"Enjoy your Christie crime novel, Petersholme," Janus called to me from the far end of the table as I arose. "We'll finish selling you those cows tomorrow." He turned to the others. "Perhaps, you would care to join me for a brandy before we end our celebration?"
I left the room quickly but, instead of ascending the stairs to my room, I returned to the dark space under the stairs between the hall and kitchen. And awaited two of the four men I was to fly out of the country. I didn't wait long.
Both Jews broke from the others. "Coats," I reminded them when they neared me.
I led them through the kitchen and realised just how dependent they and I were on the two women now cleaning dishes. They were both von Kys' retainers, of course. Old retainers who had been loyal to my friend since his childhood.
I had not been aware of them earlier when I had taken this same path to the outbuildings. But, now, my every sense was heightened and I saw them as eyes, ears, and mouths watching and hearing us as we began to make our escape. They could be silent or they could be informants to the Gestapo. Just one word before I had us airborne would mean a deuced fix for me and instant death for my companions.
Von Kys trusted the people still on his holding. But he had proved not to be always the most observant chap. I accepted that I had to trust them too -- but only until I could ask Kolawaski about them.
The Pole was waiting for us inside the first outbuilding. Both Jews hugged him and thanked him for getting their families safely out of the country. I didn't give them any more time to reminisce with the agent. "What about the kitchen help, Kolawaski? Can those two women be trusted?"
"They're good people. Why do you ask, Herr Baron?"
"They saw the three of us leaving. One wrong word..."
"They would quickly break under interrogation, I suppose. But von Kys' people won't offer information to the Gestapo. They are country people and keep their thoughts to themselves."
I nodded, accepting his assessment. "Young Dagold doesn't know he's leaving the service of the Fatherland yet."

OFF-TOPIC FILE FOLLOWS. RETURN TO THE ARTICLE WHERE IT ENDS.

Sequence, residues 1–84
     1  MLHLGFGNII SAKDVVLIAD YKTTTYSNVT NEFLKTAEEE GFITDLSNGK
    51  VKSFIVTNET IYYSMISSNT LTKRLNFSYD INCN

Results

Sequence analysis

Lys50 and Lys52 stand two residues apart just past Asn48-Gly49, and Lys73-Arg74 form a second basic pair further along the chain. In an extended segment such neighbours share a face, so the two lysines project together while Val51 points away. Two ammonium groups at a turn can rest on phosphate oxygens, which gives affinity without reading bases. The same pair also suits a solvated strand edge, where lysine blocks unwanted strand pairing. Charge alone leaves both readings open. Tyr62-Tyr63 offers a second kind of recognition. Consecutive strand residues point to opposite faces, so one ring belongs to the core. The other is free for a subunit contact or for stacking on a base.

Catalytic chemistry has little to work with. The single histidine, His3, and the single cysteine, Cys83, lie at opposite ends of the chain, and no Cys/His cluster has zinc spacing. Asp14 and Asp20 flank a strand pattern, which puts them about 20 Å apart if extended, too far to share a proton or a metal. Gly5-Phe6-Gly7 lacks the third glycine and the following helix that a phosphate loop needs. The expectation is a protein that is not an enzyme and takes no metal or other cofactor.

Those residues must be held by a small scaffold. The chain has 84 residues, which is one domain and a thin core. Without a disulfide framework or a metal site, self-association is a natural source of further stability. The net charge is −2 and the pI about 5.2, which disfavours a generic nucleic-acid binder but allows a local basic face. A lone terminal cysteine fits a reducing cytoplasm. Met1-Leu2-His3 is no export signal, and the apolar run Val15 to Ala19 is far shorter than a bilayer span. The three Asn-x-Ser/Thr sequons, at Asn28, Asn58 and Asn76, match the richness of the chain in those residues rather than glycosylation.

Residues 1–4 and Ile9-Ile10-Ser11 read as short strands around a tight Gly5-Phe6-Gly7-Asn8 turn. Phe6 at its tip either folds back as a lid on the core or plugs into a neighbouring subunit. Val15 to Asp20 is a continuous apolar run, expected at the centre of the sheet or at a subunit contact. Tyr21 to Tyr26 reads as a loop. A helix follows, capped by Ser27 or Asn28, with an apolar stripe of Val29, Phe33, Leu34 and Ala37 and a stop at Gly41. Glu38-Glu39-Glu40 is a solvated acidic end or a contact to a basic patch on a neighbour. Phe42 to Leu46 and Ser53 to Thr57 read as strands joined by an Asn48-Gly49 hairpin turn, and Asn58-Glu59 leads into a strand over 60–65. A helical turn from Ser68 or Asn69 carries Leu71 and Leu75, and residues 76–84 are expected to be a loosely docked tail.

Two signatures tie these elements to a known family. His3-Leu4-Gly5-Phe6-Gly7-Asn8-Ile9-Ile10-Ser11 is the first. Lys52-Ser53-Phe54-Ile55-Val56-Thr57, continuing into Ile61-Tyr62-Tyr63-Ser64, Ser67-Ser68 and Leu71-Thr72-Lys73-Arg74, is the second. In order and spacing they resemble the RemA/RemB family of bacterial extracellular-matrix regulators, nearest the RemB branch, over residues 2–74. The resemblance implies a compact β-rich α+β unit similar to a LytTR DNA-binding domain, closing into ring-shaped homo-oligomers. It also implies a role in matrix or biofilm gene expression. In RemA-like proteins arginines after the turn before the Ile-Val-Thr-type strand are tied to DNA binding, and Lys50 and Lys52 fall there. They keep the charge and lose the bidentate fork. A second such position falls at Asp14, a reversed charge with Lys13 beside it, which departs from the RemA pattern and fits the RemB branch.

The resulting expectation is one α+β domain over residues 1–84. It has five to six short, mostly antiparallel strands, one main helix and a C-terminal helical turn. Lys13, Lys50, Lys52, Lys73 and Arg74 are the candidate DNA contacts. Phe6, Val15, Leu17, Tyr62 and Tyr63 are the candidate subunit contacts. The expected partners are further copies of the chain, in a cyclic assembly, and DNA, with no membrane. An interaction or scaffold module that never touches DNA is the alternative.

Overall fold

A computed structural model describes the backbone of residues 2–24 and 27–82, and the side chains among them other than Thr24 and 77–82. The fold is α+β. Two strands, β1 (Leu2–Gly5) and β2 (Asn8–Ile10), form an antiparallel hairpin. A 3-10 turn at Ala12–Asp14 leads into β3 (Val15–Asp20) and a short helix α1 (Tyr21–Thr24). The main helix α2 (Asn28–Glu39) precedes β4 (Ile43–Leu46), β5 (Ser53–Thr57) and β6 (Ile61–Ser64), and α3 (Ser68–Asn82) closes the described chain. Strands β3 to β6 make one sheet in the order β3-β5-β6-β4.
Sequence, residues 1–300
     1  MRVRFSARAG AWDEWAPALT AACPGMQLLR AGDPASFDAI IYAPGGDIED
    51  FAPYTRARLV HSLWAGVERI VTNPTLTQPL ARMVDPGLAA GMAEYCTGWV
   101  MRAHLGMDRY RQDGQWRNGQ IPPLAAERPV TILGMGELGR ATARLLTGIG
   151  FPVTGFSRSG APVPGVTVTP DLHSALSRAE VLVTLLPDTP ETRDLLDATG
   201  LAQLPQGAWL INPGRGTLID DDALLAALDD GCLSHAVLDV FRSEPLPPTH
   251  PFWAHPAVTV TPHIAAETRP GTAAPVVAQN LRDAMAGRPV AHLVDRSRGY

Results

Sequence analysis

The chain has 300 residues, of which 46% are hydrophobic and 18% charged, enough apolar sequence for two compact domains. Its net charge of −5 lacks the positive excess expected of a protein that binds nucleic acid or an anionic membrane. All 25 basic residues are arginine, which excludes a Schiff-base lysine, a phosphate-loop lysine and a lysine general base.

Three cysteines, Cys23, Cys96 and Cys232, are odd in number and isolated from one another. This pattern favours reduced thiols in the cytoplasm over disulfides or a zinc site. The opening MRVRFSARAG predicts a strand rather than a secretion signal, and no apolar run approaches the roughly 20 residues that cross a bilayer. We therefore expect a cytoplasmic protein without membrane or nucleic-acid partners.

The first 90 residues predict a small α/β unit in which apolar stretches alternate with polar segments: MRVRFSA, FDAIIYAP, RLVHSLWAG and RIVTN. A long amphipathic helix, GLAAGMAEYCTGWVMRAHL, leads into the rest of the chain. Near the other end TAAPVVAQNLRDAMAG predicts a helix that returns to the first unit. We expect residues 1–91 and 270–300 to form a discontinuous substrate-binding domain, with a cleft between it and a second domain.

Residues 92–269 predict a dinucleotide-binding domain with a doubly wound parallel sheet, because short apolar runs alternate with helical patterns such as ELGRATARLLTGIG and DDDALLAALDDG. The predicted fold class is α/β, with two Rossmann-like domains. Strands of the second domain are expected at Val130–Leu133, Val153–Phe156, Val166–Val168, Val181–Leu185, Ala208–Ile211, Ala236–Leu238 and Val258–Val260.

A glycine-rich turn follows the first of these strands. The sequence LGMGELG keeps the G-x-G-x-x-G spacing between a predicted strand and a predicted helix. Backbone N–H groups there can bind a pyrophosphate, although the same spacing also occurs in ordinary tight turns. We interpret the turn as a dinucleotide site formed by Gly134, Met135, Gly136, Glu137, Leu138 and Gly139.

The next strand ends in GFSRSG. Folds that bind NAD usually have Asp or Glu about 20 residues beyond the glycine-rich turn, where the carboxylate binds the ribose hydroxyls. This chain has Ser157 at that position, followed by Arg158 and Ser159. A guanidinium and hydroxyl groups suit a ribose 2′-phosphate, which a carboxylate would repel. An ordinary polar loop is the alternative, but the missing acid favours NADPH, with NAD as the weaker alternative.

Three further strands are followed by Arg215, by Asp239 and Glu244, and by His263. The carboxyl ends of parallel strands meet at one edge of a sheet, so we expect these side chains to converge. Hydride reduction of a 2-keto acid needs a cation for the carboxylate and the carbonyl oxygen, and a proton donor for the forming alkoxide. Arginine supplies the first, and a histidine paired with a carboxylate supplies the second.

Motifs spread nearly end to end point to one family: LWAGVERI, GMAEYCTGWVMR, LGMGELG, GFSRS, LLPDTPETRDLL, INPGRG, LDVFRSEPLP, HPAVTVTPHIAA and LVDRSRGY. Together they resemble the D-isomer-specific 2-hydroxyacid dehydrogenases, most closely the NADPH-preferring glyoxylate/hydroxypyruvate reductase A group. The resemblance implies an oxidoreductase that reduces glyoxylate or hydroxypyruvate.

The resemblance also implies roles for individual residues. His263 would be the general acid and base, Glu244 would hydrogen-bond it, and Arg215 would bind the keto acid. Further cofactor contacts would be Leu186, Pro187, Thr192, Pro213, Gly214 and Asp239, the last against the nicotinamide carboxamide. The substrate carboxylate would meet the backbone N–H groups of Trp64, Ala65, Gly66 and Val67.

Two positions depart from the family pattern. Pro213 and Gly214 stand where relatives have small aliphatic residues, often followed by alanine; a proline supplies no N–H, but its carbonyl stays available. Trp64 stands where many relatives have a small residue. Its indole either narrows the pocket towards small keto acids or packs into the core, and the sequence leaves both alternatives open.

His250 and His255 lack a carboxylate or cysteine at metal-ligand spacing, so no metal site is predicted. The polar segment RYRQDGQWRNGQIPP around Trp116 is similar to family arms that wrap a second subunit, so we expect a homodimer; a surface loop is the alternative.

"Mother of God!" he growled. "Why?"
"It would seem that von Kys wants to tell him privately." I went to the small window and looked back at the house. "How do we do this, Kolawaski?"
"I would have thought the best plan would have us getting out of here before those Gestapo lads return. Airborne, there's little they can do to us." My hand became a fist and I slammed it into the wall in the frustration spreading over me. "Now, we're sitting here like ducks caught between two blinds -- just waiting for the first shot to be fired."
I looked down at my hand. It throbbed with pain.
"It's von Kys' show, Herr Baron. I will get these two to the aeroplane and come back. We wait until the Graf releases his corporal." He buttoned his coat and opened the door to peer outside. "Do you have a revolver, Herr Baron?"
I thought of the one von Kys had given me and tried to remember where I'd left it. "No," I answered, ashamed of myself.
"This is a good German Luger," he said as he pulled the machine pistol from his coat and handed it to me, "and it is loaded." He took my finger and moved it along the left side of the revolver, just above and behind the trigger guard. "That is the safety. It is now off." He chuckled. "Please try to wait until someone is no more than twenty metres from you before you fire at them."
I watched the three men disappear into the darkness and, only after I could no longer see them, remembered I had no idea how long Kolawaski would be gone. Or where von Kys' aeroplane was. My heart sank and I took a step towards the door, meaning to follow them and catch up with them.
"Come, Dagi," I heard Janus' voice call softly from near my building. Further away, I heard boots crunch against frozen grass.
"What is it that you cannot tell me inside, Jani?" the youth complained. "In a warm bed? It is already cold out here."
"Come with me to the stables. I'll tell you everything there."
I watched von Kys put his arm around the younger man's shoulder and begin to lead him towards the last of the outbuildings. Jorsten snuggled against him. "The stables?" He chuckled in the clear, frosty night. "Why not? It is always pleasant when I am with you."
I stepped out of the building and began to follow quietly after them.
Von Kys pulled the boy into the shadows of the next outbuilding and to himself, enveloping him in his arms. They kissed and, in moments, the corporal had begun to grind himself against his mentor.
I thought of young Barry as I watched them. Remembering the feel of him against me, the beginnings of passion as it possessed him and how he showed it. I told myself that I would soon be back with him now. I could forget the growing blackness that had been these weeks in Germany once I was again within his arms.
"Come," said Jorsten hoarsely as he broke the kiss. "I want you, Jani." Holding hands, the two men moved into the stables.